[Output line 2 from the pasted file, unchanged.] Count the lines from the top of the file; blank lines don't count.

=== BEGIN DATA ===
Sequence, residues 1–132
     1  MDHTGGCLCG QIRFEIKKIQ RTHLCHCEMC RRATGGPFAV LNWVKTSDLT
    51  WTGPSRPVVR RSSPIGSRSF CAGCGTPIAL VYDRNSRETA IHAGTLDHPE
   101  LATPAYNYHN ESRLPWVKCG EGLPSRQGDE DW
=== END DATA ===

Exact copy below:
     1  MDHTGGCLCG QIRFEIKKIQ RTHLCHCEMC RRATGGPFAV LNWVKTSDLT